For those who claim that Americans are racists, that they dislike both dark-skinned people and illegal aliens-please note that Rifqa Bary is beautifully dark-skinned and was brought here, illegally, as a child, by her family. She arrived here as an undocumented Muslim. Nevertheless, lawyers in both Florida and Ohio stepped forward to protect and defend her. The system-we-love-to-hate appointed these lawyers. No angry grassroots group, no Christian activist association did what the American state did: Actually pay for it all.
In her Fox News essay, Ms. Chesler points out another facet of the larger situation:
America does not persecute converts. Indeed, about 50,000 Americans each year convert to Islam. It is estimated that 20,000 American Muslims convert to Christianity. Their fates are very different.
Converts to Islam are not harassed, intimidated, shunned by their families, relatives, and neighbors, or forced into hiding by murderously angry former co-religionists.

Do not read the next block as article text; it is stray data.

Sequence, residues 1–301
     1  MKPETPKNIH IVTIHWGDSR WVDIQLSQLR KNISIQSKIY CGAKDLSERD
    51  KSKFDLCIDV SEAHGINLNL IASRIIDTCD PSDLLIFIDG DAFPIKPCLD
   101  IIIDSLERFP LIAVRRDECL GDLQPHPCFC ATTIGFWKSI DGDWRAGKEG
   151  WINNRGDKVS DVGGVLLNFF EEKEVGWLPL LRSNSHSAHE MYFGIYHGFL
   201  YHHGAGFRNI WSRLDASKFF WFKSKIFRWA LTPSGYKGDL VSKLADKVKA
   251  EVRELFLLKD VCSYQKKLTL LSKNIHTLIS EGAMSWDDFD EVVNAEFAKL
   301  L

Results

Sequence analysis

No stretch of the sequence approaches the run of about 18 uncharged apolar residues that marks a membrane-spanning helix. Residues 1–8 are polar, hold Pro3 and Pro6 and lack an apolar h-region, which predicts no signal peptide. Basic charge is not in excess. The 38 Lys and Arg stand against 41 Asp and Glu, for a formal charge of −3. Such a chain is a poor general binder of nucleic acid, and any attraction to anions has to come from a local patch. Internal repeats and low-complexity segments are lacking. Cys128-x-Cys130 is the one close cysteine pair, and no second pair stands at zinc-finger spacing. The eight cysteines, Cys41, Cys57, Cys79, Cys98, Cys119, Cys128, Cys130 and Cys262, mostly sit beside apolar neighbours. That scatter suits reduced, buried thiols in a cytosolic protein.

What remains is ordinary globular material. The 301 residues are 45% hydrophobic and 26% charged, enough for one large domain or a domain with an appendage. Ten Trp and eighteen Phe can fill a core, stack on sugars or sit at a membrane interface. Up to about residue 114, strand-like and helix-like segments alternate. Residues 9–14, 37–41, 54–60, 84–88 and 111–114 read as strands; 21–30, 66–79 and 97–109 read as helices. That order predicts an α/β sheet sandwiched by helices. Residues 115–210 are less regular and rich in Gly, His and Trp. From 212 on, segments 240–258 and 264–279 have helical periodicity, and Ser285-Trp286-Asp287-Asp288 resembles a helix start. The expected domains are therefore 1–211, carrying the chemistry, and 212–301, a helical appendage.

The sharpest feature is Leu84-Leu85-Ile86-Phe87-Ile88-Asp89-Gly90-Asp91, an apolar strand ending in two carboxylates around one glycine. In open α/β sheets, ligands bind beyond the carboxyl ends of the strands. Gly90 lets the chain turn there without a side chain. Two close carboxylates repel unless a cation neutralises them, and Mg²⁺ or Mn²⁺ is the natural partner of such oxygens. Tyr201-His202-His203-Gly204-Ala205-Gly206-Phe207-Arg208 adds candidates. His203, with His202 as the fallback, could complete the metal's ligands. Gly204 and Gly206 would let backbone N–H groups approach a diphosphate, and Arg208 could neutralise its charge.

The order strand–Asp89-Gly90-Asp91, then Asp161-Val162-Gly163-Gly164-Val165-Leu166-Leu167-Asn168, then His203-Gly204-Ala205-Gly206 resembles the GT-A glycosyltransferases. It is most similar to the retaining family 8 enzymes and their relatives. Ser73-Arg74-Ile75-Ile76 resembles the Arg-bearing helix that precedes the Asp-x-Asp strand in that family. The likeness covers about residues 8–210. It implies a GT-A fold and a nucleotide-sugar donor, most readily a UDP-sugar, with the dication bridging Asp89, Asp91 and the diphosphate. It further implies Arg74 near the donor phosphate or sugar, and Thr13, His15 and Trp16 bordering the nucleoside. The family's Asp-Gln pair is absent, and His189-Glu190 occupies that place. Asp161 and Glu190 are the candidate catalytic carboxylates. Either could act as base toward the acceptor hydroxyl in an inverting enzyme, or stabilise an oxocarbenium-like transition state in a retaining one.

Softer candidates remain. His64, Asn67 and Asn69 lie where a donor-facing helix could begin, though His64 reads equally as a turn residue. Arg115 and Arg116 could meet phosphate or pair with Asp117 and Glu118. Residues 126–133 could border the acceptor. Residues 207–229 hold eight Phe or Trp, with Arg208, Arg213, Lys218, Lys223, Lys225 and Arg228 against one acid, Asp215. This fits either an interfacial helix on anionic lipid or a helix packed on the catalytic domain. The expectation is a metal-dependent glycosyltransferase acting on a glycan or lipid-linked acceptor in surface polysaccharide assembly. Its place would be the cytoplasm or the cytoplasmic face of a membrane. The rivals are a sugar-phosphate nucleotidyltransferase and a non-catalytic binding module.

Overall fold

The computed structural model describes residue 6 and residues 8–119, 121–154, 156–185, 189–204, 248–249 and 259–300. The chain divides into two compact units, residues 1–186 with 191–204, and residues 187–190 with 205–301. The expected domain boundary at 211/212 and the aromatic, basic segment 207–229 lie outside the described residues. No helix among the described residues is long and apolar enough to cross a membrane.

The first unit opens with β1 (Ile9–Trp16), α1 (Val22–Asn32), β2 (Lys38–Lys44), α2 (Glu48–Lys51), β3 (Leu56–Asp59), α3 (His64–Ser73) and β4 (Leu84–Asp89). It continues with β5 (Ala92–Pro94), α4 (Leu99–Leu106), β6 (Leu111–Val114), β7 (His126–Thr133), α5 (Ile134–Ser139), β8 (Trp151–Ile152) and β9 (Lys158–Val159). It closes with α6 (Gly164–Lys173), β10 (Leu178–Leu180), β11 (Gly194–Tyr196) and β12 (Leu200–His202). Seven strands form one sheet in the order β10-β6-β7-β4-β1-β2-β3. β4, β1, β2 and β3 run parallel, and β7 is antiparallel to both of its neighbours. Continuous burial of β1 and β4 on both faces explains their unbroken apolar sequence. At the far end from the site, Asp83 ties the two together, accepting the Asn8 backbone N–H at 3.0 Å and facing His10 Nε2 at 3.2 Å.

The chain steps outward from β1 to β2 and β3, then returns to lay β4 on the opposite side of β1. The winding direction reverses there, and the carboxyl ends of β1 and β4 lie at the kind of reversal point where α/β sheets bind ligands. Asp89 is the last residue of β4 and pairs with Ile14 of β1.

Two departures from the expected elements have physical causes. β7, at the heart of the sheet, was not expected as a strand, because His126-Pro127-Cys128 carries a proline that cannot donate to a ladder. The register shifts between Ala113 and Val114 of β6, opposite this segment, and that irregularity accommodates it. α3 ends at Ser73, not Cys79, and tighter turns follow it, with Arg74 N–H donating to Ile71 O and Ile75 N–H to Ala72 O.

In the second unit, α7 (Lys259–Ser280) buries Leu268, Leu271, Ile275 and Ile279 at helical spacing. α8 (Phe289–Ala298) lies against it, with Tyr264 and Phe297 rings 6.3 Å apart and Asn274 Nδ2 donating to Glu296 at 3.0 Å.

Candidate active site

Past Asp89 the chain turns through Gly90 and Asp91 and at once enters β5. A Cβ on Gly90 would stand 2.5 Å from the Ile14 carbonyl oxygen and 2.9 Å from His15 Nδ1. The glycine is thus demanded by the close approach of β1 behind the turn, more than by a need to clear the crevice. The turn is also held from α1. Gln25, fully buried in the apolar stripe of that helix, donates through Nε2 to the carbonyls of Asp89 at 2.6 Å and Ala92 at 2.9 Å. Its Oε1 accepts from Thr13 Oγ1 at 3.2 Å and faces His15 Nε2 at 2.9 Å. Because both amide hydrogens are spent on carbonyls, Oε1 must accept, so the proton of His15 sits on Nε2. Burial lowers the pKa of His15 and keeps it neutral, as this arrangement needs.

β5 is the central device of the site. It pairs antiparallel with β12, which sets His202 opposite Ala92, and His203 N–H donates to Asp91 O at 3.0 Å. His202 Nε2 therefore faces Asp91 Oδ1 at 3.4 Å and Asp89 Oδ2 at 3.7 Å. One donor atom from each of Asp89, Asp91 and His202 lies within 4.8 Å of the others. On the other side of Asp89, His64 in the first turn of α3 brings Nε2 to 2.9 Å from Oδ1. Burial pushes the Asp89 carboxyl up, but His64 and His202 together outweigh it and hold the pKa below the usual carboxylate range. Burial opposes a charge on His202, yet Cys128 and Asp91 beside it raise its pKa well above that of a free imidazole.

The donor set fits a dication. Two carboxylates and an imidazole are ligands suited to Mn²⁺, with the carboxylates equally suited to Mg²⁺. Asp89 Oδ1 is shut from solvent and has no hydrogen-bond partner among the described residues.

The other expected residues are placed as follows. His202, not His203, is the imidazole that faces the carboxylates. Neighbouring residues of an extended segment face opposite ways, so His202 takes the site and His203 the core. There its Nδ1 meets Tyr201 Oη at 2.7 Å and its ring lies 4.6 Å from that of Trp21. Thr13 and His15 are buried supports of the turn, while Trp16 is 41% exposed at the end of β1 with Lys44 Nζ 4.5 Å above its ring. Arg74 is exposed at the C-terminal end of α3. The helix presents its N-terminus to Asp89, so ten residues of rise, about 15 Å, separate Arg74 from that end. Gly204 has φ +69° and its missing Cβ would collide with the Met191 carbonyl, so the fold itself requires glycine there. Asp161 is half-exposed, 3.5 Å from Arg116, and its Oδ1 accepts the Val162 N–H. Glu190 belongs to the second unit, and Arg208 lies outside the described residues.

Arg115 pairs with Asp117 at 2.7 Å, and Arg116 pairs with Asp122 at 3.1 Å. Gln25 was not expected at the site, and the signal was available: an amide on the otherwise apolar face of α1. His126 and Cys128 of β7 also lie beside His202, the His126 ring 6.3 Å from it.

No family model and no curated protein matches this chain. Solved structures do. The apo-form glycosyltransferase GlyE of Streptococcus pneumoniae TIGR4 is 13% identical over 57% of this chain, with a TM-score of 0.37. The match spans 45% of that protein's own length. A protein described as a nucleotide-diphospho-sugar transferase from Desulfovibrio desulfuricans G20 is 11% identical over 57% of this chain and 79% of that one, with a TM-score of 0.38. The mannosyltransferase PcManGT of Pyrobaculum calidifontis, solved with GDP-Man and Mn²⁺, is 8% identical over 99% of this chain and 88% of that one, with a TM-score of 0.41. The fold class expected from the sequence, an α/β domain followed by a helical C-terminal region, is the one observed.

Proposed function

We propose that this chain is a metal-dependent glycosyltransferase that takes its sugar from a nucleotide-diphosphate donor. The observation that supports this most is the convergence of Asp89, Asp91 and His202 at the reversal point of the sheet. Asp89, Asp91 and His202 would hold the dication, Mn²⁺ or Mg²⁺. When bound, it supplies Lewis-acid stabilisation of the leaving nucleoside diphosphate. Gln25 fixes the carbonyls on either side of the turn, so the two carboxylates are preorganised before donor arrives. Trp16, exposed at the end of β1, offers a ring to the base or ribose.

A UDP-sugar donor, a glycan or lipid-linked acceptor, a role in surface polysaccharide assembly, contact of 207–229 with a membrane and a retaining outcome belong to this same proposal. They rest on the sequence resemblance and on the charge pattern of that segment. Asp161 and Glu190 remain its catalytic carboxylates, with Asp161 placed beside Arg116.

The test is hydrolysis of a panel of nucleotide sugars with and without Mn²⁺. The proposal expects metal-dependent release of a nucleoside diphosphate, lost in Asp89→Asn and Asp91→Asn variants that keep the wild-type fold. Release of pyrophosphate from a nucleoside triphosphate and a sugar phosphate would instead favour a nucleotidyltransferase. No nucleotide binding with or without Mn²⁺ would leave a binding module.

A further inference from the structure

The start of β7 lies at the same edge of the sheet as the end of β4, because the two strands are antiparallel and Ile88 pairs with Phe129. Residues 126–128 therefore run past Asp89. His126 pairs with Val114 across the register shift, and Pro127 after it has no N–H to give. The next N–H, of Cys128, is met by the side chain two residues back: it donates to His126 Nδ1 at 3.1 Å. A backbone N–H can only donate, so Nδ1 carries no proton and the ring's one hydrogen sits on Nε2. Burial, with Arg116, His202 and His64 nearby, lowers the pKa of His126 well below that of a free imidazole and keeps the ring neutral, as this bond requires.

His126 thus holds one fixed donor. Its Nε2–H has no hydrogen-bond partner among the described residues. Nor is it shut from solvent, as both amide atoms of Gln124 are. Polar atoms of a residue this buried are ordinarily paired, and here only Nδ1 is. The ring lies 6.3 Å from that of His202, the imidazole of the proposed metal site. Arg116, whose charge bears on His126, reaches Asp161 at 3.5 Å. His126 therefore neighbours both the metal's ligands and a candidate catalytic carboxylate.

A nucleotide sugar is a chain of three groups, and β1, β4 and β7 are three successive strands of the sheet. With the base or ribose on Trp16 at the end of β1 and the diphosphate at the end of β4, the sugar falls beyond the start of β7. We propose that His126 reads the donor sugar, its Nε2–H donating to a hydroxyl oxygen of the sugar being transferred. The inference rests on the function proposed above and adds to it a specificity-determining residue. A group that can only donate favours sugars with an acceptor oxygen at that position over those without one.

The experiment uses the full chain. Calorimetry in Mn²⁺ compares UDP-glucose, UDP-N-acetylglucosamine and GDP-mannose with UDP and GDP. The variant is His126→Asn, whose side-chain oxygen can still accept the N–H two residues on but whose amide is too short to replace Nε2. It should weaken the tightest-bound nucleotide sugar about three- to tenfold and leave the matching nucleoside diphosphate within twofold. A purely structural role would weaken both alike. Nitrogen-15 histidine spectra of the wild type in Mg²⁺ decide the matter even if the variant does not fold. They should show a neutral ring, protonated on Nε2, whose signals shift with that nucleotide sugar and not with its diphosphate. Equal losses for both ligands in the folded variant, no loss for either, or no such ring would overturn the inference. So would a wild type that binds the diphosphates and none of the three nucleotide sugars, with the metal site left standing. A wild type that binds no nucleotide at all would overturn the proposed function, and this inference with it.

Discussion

Muslim converts to Christianity are subjected to online death threats and can never see their families again. The pastors and priests who convert them remain at risk.
Of her own role in Rifqa’s case, Ms. Chesler says:
At the time, as a psychologist and the author of studies about honor killings in the West, I was asked by Florida’s Attorney General to submit an Affadavit on Rifqa’s behalf. I did so, as did my friend and colleague, Ibn Warraq, the author of “Leaving Islam: Apostates Speak Out.”
We both explained that Rifqa’s fears were utterly realistic; that apostasy is considered a capital crime in Islam; and that Muslim women had already been honor murdered in the West for this alleged “crime” and for refusing to convert to Islam. Some had been forced into hiding to save their lives.
She also noted the guards under which many apostates must live: